CONFLICT PALM OIL: Are your cookies causing orangutan extinction?
We may not be able to see it, but Conflict Palm Oil has become ubiquitous in our everyday lives. It is found in roughly half the packaged products sold in US grocery stores, including favorite snack foods like ice cream, cookies, crackers, chocolate products, cereals, doughnuts and potato chips. In fact, palm oil is likely present in some form in nearly every room of your home.
Demand for palm oil is skyrocketing worldwide. The recent spike in use by the US snack food industry is due in large part to Conflict Palm Oil being used as a replacement for controversial trans fats. The oil is extracted from the fruit of oil palms native to Africa, now grown primarily in Indonesia and Malaysia.
Conflict Palm Oil production is now one of the world’s leading causes of rainforest destruction. Unchecked expansion is pushing new plantations deep into the heart of some of the world’s most culturally and biologically diverse ecosystems. Irreplaceable wildlife species like the Sumatran Rhino, Sumatran Elephant and the Sumatran and Borneo orangutan are being driven to the brink of extinction.
But Conflict Palm Oil is not only a local problem. The clearing of rainforests and carbon-rich peatlands for new plantations is releasing globally significant carbon pollution, making Conflict Palm Oil a major driver of human induced climate change.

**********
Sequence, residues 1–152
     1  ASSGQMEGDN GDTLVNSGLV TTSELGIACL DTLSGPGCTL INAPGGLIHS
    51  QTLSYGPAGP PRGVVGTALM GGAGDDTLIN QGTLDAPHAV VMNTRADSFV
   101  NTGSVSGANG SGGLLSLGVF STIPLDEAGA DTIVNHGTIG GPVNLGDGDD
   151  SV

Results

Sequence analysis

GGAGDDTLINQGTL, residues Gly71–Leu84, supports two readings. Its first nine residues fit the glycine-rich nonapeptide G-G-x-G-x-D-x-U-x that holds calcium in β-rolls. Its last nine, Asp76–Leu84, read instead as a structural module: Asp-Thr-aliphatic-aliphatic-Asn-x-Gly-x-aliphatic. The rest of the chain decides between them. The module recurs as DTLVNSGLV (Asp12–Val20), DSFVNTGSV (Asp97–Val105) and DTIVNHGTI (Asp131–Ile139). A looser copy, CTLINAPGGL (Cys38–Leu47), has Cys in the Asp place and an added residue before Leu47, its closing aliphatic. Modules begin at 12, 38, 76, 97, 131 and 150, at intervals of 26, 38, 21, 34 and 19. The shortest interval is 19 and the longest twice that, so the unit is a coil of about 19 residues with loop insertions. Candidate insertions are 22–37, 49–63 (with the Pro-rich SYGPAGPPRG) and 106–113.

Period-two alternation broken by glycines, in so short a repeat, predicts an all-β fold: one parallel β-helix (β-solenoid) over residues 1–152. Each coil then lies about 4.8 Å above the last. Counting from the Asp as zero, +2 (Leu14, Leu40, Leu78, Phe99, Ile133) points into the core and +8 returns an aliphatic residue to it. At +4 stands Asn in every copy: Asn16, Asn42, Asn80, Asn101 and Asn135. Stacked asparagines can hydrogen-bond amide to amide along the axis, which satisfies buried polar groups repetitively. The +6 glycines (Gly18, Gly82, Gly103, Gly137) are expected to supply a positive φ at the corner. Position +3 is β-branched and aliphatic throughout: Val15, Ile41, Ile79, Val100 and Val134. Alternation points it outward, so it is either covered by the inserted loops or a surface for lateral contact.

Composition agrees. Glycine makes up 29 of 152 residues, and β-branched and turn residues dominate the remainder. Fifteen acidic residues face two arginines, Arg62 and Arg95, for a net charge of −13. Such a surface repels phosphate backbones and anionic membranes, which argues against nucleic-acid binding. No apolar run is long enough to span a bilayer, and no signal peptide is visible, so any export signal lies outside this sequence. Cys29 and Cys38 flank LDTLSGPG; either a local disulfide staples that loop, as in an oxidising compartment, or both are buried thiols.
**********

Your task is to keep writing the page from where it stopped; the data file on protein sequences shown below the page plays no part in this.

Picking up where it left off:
If this issue concerns you, maybe you’d like join RAN’s Palm Oil Action Team and learn how to take the lead in stopping rainforest destruction by the snack food industry.
Ever wonder how you can fight deforestation, human rights abuses, child and forced labor, and the extinction of iconic species like the orangutan in YOUR community? RAN's Palm Oil Action Team organizes in their communities and online, around the world, to pressure the biggest corporations on the world to cut Conflict Palm Oil. The Snack Food 20 corporations would hate it – and we would love it – if you joined the Palm Oil Action Team. Check out the video of some of our local leaders, then get involved at http://a.ran.org/a2N
Billions of birds rely on the boreal forest – the sweeping expense of trees across Canada – for critical breeding grounds and summer residences. Unfortunately, clear cutting is taking its toll, as environmentally sound forestry practices are not commonplace here.
Much of the resource development in the boreal is spurred by the United States, which is the leading importer of Canadian wood products. Driving the demand for cheap pulp is junk mail, advertising inserts, newsprint, toilet paper, magazines and catalogs. In fact, according to the American Bird Conservancy, more than a third of all newsprint used in the United States originates from boreal forests.
Protecting these forests requires action on many fronts. Some retail companies such as IKEA, The Home Depot and Staples, have already vowed to avoid purchasing wood products from there.
And here’s how you can help save the forest:
You can do something, too. Besides seeking out products made from post-consumer recycled paper, recycling and being resourceful with the paper products you absolutely have to have, call or write to the magazines, newspapers and catalogs that you receive and tell them you want them to print only on post-consumer recycled paper. Or request delivery of these publications in electronic format, when available. Then sit back and enjoy all the warblers, finches, flycatchers and sparrows that fly back to your yard this spring, and know that you worked to help them make it. ~ Heidi Ridgley
To learn more about the Boreal Forest and conserving it, visit borealbirds.org
Tree-eating goats are the newest firefighting tech